Also Read: 5 ‘Elementary’ Thoughts I Had While Watching Millie Bobby Brown’s ‘Enola Holmes’ Trailer. Mainly, Sherlock Holmes Better Watch Out!

Enola Holmes is more Young Adult Fleabag than Sherlock Holmes. And that’s not bad at all!

Sherlock Holmes is easily the most adapted literary character, with so many iterations that we’ve officially lost count. And yet, we’re all still Sher-Locked, aren’t we? When Enola Holmes was announced, with Henry Cavill reprising the role of the famous sleuth, everyone was so keen to see what he’d bring to the table with his version. And that’s why, Enola Holmes subverting the entire focus on their heroine is the best thing. Funnily enough, Netflix (and the author for the book) actually got sued for this interpretation of Sherlock Holmes by Sir Doyle’s estate. Weird, since Enola Holmes is more like Fleabag than Sherlock Holmes anyway.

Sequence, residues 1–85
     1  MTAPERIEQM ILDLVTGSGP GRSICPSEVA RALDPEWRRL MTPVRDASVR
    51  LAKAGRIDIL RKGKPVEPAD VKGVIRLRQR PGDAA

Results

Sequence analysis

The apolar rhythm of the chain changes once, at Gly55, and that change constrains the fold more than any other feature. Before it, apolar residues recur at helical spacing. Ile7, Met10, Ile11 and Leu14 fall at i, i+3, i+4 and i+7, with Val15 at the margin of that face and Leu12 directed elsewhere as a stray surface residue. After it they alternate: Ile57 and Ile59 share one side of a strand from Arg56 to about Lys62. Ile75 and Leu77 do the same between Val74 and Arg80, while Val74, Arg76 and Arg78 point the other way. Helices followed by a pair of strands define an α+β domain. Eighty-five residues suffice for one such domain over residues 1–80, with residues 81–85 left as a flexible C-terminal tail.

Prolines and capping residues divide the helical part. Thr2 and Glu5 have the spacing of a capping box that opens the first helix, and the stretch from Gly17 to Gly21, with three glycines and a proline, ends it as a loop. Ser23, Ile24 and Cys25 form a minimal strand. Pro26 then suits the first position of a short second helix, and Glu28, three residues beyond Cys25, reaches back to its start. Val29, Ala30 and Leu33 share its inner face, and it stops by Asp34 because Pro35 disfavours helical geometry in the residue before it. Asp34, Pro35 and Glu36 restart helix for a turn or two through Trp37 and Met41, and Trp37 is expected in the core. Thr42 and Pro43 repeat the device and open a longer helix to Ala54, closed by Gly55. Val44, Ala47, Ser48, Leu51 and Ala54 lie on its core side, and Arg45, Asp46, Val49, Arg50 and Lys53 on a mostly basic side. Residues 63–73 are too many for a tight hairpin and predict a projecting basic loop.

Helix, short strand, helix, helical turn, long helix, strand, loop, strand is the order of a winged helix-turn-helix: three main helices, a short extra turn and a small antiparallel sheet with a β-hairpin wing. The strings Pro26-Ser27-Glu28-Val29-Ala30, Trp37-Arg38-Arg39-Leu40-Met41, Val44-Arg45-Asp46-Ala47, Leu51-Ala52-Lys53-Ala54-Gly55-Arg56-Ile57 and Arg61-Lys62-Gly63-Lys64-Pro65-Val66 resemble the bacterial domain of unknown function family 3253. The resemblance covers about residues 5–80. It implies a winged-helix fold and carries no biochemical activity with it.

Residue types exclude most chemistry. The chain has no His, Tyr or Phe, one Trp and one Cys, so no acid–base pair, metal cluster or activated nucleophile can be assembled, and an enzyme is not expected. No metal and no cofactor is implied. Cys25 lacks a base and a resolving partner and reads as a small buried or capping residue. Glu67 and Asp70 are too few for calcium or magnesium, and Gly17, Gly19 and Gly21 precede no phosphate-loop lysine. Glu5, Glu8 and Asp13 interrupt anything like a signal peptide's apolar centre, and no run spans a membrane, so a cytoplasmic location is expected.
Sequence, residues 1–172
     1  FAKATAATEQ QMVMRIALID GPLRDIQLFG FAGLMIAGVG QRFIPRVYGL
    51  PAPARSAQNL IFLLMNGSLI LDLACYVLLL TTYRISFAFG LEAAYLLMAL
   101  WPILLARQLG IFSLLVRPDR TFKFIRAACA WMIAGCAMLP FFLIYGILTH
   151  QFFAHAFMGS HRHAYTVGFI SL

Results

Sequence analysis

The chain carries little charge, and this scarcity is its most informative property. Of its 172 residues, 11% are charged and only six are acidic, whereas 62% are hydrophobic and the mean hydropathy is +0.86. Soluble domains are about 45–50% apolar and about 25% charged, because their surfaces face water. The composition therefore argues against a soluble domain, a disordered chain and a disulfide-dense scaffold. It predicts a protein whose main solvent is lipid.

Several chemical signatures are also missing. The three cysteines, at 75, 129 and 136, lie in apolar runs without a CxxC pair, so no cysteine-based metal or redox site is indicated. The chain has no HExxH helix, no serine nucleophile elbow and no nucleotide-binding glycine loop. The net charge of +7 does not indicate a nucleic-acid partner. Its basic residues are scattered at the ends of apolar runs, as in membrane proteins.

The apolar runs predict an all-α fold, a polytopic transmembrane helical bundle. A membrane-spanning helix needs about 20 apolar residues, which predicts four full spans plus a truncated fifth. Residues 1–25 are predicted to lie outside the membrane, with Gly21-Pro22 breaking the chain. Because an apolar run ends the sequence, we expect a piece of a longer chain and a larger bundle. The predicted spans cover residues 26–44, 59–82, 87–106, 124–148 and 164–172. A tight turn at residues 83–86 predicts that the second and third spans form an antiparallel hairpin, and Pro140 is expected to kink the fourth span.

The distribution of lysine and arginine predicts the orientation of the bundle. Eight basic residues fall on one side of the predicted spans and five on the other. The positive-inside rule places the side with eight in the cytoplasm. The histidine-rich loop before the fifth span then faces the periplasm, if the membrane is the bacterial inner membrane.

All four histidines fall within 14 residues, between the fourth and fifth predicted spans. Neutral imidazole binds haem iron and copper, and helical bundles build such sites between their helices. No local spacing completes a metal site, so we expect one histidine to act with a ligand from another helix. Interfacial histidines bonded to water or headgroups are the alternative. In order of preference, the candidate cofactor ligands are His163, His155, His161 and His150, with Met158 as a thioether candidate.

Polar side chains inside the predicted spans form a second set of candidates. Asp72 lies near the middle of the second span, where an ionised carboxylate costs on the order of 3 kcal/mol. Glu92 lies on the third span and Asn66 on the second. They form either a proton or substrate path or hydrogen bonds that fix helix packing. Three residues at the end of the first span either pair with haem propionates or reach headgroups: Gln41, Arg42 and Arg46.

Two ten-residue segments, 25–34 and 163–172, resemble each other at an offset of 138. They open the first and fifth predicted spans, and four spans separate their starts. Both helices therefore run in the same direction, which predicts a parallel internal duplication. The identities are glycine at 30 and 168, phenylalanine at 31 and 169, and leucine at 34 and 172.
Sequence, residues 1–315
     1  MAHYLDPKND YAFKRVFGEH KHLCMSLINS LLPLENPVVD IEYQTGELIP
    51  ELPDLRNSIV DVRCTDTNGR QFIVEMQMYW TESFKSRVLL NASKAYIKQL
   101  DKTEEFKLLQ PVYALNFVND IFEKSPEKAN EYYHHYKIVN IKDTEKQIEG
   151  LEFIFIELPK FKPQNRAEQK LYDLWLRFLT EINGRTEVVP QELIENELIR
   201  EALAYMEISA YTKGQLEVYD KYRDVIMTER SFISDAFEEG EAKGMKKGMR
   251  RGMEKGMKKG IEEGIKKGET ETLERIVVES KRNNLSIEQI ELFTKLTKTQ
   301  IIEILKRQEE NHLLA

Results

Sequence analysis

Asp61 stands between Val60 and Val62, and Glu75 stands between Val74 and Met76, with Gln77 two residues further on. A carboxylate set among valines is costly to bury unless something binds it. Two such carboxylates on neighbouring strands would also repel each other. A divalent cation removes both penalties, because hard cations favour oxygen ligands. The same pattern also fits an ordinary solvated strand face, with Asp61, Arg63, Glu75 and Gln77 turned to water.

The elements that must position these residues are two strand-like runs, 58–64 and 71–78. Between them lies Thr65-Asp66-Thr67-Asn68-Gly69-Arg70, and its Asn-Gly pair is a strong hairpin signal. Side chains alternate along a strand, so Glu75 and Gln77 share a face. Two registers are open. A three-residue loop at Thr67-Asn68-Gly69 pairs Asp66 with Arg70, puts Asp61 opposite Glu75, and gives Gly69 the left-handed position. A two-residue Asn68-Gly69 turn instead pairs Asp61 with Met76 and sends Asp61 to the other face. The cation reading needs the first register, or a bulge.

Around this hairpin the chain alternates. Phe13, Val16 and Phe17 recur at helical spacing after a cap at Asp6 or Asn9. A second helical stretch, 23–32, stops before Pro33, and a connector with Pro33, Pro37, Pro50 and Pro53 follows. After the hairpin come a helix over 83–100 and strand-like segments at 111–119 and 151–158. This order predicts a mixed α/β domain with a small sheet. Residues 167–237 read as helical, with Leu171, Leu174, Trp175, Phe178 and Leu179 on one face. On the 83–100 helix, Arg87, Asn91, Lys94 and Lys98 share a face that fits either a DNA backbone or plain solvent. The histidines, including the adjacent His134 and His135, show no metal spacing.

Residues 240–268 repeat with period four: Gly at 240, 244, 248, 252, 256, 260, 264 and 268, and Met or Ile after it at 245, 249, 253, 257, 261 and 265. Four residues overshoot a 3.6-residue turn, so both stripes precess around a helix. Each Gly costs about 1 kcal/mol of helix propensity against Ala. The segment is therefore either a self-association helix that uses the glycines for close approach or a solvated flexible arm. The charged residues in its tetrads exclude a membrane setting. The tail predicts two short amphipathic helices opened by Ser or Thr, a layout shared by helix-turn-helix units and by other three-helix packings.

If you came here for the mystery, you might be a little disappointed. But if you came here for adventure and because of your curiosity about Enola Holmes, the film becomes infinitely more enjoyable and fun. The whole look and feel of the film is that of a period chick-lit or young adult story, reminding me often of Wild Child‘s scrapbook-like end-credits or of Enid Blyton’s The Naughtiest Girl series. But as soon as Enola makes it to London, you’ll start seeing glimpses (action scenes, London) of Guy Ritchie’s Sherlock Holmes, albeit not as dark. The themes explored in the film are also very coming-of-age, with the focus being more on Enola’s discovery of the outside world. As a teenage girl thrust into a world she is only heard or read about, you can understand that it is all quite overwhelming. She doesn’t adjust to it right away; she stumbles, and fails, making very basic mistakes like trusting the wrong people, giving into her feelings for a boy, and even thinking that her mother left her because she didn’t love her enough.